No Time for Complacency

May 31, 2013
2:31 pm

Washington, D.C. has long had a tendency to avoid decisive action until crises make continued delays untenable.  This being the case, there should be a great sense of joy and relief in the Nation’s Capitol over the Medicare Trustees pushing the projected date of Medicare insolvency two more years into the future, to 2026.

That would, of course, be the wrong way to look at this issue.

Whether it’s 2024 or 2026, the fact remains that Medicare insolvency is still where it shouldn’t be, on the foreseeable horizon.  And with the number of retirees rapidly climbing and utilizing, on average, three dollars of healthcare services for every one dollar they paid in payroll taxes during their working years, the Medicare status quo is no more sustainable today than it was before the Trustees Report was issued.

(A side note here:  Yes, there are those who will insist that insolvency is not really all that catastrophic, that there will still be sufficient revenues to pay 85 or 90 percent of benefit obligations and, anyway, Congress would never allow Medicare to fail in meeting beneficiary needs.  I have no doubt this is true, but assurances like these gloss over the actions that would be necessary in order to make up for this financial shortfall – higher taxes, greater burdens on beneficiaries, further cuts in payments for Medicare services, or some combination of all of the above.)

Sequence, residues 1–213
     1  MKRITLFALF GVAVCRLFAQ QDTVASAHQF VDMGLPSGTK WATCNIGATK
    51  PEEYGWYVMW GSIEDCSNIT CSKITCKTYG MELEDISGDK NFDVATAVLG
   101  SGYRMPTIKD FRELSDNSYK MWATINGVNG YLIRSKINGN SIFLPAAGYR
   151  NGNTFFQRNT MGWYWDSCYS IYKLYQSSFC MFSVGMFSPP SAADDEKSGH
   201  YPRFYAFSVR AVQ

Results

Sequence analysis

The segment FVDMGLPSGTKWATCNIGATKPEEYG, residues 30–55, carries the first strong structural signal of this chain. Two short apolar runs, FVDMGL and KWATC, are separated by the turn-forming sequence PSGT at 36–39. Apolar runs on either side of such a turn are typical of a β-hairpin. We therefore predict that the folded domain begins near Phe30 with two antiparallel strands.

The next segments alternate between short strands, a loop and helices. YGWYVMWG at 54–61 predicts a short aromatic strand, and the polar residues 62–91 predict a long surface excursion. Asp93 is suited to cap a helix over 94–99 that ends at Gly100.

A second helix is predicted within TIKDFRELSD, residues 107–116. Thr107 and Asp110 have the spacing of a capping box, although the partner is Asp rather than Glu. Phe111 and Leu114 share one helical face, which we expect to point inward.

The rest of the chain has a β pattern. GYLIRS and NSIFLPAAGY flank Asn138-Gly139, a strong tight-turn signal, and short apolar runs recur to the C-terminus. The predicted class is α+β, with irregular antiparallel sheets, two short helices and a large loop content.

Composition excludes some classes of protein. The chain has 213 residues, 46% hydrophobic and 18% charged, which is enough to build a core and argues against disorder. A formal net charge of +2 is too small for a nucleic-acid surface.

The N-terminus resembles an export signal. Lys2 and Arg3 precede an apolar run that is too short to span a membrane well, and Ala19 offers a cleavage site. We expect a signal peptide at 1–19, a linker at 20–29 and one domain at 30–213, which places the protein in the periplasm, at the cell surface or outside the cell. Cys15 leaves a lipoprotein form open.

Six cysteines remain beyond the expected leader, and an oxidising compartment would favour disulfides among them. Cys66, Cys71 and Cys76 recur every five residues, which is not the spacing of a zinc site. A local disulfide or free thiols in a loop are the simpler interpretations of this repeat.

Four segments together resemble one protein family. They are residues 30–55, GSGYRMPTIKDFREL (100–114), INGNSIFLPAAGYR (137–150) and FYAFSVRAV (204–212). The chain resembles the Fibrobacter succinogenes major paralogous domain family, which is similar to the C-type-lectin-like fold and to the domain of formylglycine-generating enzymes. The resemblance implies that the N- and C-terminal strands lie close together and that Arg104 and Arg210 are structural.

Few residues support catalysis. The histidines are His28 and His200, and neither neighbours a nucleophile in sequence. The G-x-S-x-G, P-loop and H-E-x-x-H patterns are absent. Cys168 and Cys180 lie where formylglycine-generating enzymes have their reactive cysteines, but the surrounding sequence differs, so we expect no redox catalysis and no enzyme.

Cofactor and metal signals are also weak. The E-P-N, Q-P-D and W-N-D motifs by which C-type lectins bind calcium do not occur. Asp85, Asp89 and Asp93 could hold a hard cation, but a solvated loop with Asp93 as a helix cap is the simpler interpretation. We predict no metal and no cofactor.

Treasury Secretary Jack Lew was correct in saying today that we need to act sooner rather than later to address Medicare’s financial challenges.  The longer we wait, the more draconian the remedies in trying to forestall insolvency.

And it remains true that solutions are right in front of us.  The Medicare Part D program continues to be incredibly successful in keeping federal costs well below projections and in keeping medications highly affordable for seniors.  Medicare Advantage plans are achieving health outcomes superior to the conventional Medicare fee-for-service program.   What these two programs have in common are a reliance on consumer choice and competition to drive value, the same components that are central to the Affordable Care Act’s health insurance exchanges.

As we discuss Medicare’s future, it only makes sense to examine how the lessons learned from these already-existing success stories can be utilized to ensure healthcare security for future generations.

So, as we examine the 2013 Medicare Trustees Report, let’s focus not on the fact that insolvency is delayed by two years, but at the fact we’re still talking about insolvency at all.  Then, let’s begin the discussion on how to remove that prospect from the imminent horizon.

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